Planning permission was granted in March 2007 to replace the Poulson building, with a new air rights building designed by Foggo Associates.[43] Hines, the US developer, led a £360 million project involving the demolition of Poulson's office block, replacing it with a mixed-use development containing more than 400,000 sq ft (37,000 m2) of office space alongside 17,000 sq ft (1,600 m2) of station retail space.[14] The redevelopment was part of a larger regeneration programme undertaken by Network Rail to modernise and "unlock the commercial potential" of the main London termini; Euston and London Bridge were also redeveloped. Network Rail's director of commercial property said that the finished station would be "less congested and more accessible for passengers."[44] Cannon Street won the award for "Major Station of the Year" at the 2013 National Rail Awards.[45]

In January 2015, the station's opening hours were extended to 0500–0100 Monday to Sunday (prior to this, the station had been closed on Sundays and during the evenings), and several services which previously terminated at Charing Cross were diverted to Cannon Street as a result of Thameslink Programme works. Some of these services will revert to terminating at Charing Cross following the completion of the works, while services from the Greenwich line and from New Cross and St Johns will permanently run to Cannon Street due to the removal of the Spa Road Junction.[46][47]

National Rail

The station connects the south side of the City to south and south-east London via London Bridge station. Some services run directly into Cannon Street from Kent and East Sussex, but only during rush hours. Occasionally during the weekends when track maintenance is in progress, the station serves as an intermediate station between London Bridge and Charing Cross. Either trains reverse at the station or rail passengers change trains here. From 1918 to 2015, the station was closed on Sundays; this changed with Southeastern's introduction of a new timetable from January 2015 which resulted in the station's opening hours being extended over the entire week,[48] except when engineering works require its closure and services are diverted to Charing Cross.[49]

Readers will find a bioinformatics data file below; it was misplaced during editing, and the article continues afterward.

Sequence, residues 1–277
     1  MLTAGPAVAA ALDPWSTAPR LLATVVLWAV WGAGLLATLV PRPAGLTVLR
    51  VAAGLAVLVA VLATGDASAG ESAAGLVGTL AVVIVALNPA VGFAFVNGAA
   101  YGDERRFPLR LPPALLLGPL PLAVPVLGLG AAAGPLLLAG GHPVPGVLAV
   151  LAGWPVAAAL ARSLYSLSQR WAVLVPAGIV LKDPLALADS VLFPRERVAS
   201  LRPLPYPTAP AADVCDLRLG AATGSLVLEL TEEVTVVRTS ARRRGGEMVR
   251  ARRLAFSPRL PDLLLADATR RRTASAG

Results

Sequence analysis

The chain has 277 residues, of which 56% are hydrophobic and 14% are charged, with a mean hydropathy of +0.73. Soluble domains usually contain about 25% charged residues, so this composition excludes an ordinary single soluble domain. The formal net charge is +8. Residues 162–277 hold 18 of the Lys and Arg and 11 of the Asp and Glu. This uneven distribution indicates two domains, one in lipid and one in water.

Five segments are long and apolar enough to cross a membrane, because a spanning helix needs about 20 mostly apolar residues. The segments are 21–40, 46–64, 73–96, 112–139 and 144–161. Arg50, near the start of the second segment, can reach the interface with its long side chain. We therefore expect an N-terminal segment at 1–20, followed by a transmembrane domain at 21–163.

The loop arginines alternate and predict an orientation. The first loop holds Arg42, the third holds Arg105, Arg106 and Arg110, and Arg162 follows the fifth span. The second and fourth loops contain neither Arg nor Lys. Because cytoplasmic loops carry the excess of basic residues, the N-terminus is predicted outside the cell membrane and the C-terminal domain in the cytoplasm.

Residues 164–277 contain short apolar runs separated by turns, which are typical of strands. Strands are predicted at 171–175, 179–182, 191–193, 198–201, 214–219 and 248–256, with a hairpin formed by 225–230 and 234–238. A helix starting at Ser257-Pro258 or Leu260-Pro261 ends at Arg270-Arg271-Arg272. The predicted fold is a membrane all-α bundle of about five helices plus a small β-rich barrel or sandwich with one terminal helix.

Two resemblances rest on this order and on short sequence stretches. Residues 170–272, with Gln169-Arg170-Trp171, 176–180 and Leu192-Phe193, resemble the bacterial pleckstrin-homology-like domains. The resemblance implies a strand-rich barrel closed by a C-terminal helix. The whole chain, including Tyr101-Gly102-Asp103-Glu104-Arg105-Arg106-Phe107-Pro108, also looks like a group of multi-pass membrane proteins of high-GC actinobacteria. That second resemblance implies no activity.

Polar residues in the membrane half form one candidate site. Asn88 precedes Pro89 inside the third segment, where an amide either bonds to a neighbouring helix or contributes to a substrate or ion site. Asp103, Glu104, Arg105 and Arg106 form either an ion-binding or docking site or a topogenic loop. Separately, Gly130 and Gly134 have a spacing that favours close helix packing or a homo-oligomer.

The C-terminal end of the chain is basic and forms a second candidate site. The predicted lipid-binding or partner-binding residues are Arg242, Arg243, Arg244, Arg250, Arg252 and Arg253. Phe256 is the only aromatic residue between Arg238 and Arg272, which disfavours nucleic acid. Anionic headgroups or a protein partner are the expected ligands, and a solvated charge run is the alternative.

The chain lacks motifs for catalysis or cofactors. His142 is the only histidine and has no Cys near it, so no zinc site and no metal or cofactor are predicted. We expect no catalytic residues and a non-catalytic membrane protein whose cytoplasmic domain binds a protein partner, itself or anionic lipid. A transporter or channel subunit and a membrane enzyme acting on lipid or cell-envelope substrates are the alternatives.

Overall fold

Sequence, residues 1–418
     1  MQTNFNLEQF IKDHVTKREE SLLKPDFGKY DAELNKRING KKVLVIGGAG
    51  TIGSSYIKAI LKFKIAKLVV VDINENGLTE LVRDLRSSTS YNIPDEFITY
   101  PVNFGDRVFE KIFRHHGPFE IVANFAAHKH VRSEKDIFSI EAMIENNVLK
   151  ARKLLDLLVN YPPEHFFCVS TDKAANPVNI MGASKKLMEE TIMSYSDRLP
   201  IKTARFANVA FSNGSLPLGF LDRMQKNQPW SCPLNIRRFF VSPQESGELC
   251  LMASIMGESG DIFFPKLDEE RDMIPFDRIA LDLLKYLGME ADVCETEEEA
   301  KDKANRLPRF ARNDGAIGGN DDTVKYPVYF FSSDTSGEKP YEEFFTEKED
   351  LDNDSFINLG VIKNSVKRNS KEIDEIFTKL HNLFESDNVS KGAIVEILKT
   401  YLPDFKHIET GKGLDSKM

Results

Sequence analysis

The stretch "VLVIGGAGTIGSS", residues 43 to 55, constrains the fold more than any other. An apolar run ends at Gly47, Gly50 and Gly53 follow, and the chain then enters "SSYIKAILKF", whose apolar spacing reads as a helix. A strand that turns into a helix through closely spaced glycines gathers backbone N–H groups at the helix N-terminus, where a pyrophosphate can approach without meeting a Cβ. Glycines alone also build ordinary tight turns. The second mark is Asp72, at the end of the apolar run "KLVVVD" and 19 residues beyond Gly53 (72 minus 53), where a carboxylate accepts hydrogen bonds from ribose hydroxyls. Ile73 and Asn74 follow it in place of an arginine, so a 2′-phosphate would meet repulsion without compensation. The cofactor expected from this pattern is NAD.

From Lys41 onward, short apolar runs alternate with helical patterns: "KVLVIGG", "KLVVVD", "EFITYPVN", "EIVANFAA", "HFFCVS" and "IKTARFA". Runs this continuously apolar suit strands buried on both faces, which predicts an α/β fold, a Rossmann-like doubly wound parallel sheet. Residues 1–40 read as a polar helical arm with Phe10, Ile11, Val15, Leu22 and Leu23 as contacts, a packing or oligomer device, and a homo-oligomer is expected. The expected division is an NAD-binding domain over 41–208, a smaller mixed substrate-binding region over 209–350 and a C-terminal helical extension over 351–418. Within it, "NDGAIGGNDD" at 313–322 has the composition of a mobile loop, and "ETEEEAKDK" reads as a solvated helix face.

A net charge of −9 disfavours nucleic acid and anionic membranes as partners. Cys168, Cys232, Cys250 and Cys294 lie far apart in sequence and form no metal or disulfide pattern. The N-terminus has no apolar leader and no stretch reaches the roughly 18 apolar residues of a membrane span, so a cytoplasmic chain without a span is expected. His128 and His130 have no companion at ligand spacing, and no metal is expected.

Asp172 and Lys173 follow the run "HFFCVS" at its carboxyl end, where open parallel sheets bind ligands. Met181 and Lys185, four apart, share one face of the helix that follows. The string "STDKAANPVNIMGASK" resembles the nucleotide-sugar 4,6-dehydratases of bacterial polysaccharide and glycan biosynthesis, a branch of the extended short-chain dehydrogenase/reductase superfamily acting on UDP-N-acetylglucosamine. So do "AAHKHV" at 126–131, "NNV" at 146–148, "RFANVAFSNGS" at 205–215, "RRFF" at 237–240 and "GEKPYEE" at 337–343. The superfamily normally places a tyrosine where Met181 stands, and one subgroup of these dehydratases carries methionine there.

The typical off-peak service from the station is:[50]

During peak hours, there are also services to Hastings, Tunbridge Wells, Ore and to Ramsgate or Broadstairs via Chatham.[50]

Preceding station National Rail Following station
London Bridge   Southeastern
South Eastern main line

Accidents and incidents

  • On 26 December 1867, seven passengers and three train crew members were injured when, "during a very thick fog", a train arriving at Cannon Street from Greenwich collided with another from Waterloo due to a signaller's error.[51]
  • On 27 June 1914, one person was killed and 20 were injured in a collision and subsequent derailment at Cannon Street. A train departing for Hastings was in a side-long collision with a train arriving, across its path, from Plumstead and, although the collision occurred at low speed, part of the Plumstead service was derailed and one of its carriages overturned. The driver of the Plumstead service was blamed for a failure to observe, and a misreading of, signals which took his train into the path of the Hastings-bound service. An investigation found the man who died was likely leaning out of the window at the moment his carriage overturned, and he might have avoided serious injury had he been seated.[52]
  • On 16 July 1919, 75 people were injured or left shaken when a train arriving from Dartford hit the buffers at the end of Cannon Street's platform seven. Twelve of the injured required hospital treatment. A Board of Trade report into the incident blamed "an error of judgment" on the driver's part while he was braking on his approach to the platform end.[53]